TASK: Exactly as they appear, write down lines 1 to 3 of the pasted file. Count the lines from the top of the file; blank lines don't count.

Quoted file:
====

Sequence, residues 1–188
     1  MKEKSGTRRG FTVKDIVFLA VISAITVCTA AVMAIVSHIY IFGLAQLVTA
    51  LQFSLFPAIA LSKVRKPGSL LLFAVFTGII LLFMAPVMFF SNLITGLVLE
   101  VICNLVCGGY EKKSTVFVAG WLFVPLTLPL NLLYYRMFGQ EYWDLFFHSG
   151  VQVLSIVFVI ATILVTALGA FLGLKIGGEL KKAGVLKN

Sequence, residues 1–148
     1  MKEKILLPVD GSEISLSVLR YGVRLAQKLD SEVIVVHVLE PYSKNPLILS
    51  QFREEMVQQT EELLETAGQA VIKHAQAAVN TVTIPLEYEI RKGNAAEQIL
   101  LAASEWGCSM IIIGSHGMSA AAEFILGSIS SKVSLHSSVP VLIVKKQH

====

Sequence, residues 1–188
     1  MKEKSGTRRG FTVKDIVFLA VISAITVCTA AVMAIVSHIY IFGLAQLVTA
    51  LQFSLFPAIA LSKVRKPGSL LLFAVFTGII LLFMAPVMFF SNLITGLVLE